United Nations Institute for Training and Research - UNITAR

The United Nations Institute for Training and Research (UNITAR) is making concrete contributions to developing the capacities of tens of thousands of people around the world.

Since its inception in 1965, UNITAR has built sustainable partnerships acquiring unique expertise and accumulating experience and knowledge to fulfil its mandate. These accomplishments have enabled UNITAR to respond to the growing demand from UN Member States for training for capacity development in the fields of Environment; Peace, Security and Diplomacy; and Governance.



Newly added to UNITAR’s list of leading-edge training programmes, the Peacekeeping Training Programme (PTP) offers innovative learning opportunities to prepare prospective civilian, military and police personnel to serve in peacekeeping missions around the world.



The concept of protection of civilians first appeared in the UN Secretary-General’s Report on the Situation of Africa of 13 April 1998 (S/1998/318 or A/52/871) in which Kofi Annan identified the protection of civilians in situations of conflict as a “humanitarian imperative”. Building on this acknowledgement, the concept of protection of civilians has been progressively introduced to a wider audience. Within the framework of peace operations, the full implementation of this principle is hindered by a number of shortcomings, such as the limited understanding of roles and responsibilities, and the lack of clear methods and guidelines.


Target Audience

The course is designed for civilians, military and police personnel eager to serve in peace operations. The course builds on the existing skills and expertise of participants, by showing them how these can be applied in the complex context of peace operations and by providing them with the executive knowledge and additional personal skills they would require.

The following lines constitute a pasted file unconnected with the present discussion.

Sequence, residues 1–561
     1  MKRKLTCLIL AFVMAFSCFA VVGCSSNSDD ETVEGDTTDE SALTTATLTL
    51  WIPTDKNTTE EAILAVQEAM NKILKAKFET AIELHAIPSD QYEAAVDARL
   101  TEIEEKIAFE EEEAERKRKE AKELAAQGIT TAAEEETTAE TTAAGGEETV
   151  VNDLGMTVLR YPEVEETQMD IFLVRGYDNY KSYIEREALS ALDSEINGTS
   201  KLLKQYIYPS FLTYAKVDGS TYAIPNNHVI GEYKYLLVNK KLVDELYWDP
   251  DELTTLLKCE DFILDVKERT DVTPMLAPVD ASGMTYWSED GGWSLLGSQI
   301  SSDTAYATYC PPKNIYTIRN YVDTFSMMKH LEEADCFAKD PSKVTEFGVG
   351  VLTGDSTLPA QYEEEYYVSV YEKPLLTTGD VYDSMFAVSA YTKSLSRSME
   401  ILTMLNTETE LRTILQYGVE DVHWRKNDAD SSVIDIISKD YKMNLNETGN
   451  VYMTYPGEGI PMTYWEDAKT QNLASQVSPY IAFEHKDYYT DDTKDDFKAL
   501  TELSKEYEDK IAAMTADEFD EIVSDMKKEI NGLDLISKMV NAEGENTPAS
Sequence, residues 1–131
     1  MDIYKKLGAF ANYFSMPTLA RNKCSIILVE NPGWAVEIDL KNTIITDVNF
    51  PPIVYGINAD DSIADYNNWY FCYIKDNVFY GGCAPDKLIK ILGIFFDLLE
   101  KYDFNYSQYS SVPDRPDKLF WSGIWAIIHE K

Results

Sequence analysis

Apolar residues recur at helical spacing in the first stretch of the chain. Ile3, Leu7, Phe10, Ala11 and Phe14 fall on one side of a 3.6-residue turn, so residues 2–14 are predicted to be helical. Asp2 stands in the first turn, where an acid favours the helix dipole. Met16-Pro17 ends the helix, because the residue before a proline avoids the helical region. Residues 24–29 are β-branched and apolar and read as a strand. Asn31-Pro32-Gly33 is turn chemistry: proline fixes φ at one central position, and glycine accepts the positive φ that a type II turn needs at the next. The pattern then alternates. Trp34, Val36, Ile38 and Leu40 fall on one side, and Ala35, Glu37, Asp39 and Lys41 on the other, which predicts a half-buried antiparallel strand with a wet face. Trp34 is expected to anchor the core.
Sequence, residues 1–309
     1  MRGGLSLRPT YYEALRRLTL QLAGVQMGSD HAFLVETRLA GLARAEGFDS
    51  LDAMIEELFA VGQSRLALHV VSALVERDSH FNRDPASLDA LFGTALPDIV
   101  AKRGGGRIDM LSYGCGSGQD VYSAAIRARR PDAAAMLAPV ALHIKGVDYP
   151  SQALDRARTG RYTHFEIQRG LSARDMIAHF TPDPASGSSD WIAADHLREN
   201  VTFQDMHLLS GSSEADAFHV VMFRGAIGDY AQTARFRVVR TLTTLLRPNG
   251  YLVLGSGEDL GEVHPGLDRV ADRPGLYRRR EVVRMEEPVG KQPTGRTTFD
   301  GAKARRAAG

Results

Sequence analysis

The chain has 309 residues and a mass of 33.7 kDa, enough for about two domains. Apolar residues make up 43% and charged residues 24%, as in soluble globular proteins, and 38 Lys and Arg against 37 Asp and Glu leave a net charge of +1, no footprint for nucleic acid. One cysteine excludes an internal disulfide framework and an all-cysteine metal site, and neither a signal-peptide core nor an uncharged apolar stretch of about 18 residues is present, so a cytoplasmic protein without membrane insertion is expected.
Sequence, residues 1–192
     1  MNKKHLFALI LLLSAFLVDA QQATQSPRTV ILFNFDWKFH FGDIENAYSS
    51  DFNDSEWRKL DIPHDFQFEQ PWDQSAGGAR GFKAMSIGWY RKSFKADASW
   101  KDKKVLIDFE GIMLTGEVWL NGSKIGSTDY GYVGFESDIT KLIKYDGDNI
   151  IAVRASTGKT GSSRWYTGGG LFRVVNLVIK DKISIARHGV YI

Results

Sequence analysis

Participants are expected to have no prior or limited experience in peace operations and to have a vast and diverse demographic and professional range. The course is neither specialized for a particular gender or age group, not to background experience and education. Nevertheless, it is highly advisable that participants have an overall understanding of the structure, components and functioning of a peace operation.


Learning Objectives

This module introduces the main concepts, normative frameworks and laws that regulate sexual behaviour in contexts where peacekeeping missions operate and presents real life situations for reflection on the nature, implications and ways to prevent such violations from occurring.

At the end of the module, participants will be able to:

* Situate protection of civilians in the framework of UN peace operations;

* Define sexual violence, exploitation and abuses;

* Discuss sexual violence, exploitation and abuses within war-affected communities;

* Discuss sexual violence, exploitation and abuses committed by UN peacekeepers;

* Identify ways to improve protection of civilians from sexual violence, exploitation and abuses.


Course Content

The module is structured in five units:

· Unit 1: Introduction to protection of civilians in peacekeeping operations;

· Unit 2: Introduction to sexual violence, exploitation and abuses;

· Unit 3: Sexual violence within war-affected communities;

· Unit 4: Sexual exploitation and abuses by UN peacekeepers;

· Unit 5: Improving protection of civilians from sexual violence.

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